A/n: The idea for this story originally came from a prompt on Tumblr in the whouffle tag. The prompt was for a story in which the Doctor is an actual, human doctor who works with Nurse!Clara. Well, this definitely contains that, but it kind of got away from me as I was writing it and turned into something I didn't expect! This will be a multi-chaptered fic. I hope you enjoy!

Three days before his eighteenth birthday, he saw his city burn.

It's not something someone forgets, and it's not something someone talks about it. It's something that sits inside of your heart for the rest of your life and screams.

John supposed that he always thought of himself as an entity with a very defined beginning and a very defined end. Life was what happened while trying to figure out exactly what that end was, and the burning was his beginning in every way.

At age five, he stopped his mother in the telephone aisle at the local electronics store.

He gave her skirt a tug and ignored her protests as he climbed up onto the shelf. She scolded him, reaching to pull him down, but he cried out and for whatever reason, she listened.

He stared at the rows of display telephones.

"Why is my name on these?" He asked her.

As a child, the world was his, and he was the world's. His only deduction was that the store had given these phones to him. What else could this be about? JOHN SMITH 555-555 was clearly printed onto each caller-ID screen.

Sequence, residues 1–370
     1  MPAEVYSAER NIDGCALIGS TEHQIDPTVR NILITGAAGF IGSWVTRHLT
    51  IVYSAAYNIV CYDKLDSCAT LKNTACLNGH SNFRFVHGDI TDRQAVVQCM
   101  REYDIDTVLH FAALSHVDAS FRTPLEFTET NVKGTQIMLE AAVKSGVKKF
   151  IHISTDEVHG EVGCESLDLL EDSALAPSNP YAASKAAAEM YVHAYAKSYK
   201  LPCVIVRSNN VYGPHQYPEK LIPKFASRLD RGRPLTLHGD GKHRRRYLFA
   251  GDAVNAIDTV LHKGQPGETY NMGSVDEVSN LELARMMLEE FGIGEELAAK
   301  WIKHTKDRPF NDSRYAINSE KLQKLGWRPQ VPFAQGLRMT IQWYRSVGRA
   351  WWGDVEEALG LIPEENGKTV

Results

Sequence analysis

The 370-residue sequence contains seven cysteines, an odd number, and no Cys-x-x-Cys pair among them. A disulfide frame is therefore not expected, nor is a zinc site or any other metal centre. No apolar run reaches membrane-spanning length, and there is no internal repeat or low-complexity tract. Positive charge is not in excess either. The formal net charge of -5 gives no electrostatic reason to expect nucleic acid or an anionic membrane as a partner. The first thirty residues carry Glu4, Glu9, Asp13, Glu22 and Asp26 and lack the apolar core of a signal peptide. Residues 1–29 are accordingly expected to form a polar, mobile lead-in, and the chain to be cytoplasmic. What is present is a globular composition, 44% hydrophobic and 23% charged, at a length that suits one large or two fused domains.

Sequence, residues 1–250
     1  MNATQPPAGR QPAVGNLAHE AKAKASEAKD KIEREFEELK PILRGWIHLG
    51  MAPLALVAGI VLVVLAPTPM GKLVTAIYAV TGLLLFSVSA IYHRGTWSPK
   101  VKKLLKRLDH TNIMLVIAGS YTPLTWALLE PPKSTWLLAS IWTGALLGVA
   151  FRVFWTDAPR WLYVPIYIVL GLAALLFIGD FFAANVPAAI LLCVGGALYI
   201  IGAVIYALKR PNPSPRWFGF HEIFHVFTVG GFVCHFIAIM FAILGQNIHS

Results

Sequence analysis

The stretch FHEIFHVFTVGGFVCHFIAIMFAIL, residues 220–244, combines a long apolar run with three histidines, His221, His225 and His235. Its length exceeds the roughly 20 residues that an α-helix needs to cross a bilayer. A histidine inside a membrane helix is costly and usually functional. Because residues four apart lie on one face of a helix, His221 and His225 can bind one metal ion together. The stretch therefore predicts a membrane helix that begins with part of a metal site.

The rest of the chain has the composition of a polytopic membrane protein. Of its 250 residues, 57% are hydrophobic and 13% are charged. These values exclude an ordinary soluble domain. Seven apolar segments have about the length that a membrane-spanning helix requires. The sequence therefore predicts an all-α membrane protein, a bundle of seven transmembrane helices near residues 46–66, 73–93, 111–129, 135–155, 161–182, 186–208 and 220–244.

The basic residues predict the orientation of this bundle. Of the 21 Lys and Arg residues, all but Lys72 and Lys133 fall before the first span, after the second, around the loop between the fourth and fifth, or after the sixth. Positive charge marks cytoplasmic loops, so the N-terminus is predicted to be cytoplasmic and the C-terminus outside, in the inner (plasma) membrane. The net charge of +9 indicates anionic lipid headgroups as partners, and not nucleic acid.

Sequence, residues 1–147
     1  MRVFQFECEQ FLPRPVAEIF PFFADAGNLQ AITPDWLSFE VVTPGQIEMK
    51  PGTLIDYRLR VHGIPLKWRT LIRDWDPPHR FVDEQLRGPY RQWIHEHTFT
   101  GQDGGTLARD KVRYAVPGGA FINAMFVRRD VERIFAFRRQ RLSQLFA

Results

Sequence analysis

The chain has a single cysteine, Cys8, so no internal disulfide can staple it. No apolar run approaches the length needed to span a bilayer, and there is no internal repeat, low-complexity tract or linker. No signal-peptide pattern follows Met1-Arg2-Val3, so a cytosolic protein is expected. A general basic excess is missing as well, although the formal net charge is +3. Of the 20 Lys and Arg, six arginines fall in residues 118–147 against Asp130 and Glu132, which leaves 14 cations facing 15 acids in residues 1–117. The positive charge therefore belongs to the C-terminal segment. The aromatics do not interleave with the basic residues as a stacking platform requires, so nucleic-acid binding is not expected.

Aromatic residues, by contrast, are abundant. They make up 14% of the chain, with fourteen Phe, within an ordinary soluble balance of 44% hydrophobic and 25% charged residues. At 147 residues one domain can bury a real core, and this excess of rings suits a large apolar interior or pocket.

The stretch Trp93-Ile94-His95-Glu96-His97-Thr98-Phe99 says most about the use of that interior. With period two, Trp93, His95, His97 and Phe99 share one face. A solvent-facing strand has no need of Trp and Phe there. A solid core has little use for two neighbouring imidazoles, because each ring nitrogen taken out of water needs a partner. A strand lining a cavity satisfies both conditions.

"It's not your name, John. Get down." She told him. His mother was tired all of the time. He had gotten used to that.

But he clung to the metal shelf.

"It is so." He insisted. He turned to look at her. "I'm John Smith."

But the more he looked at her, the more he felt doubt creeping in.

"Aren't I?" He asked.

She grabbed him underneath the arms and lifted him up, hoisting him off the shelf.

"Many people can have the same name. John Smith is the most common name there is, so they use it for example. Just example."

He did not hold her hand the rest of the day, because he hadn't realized that other people could have his name, or that there were mothers who would willingly name their children something so plain. He felt like names were something important, something that belonged to you and only you, and somehow knowing that so many people shared it made it less important.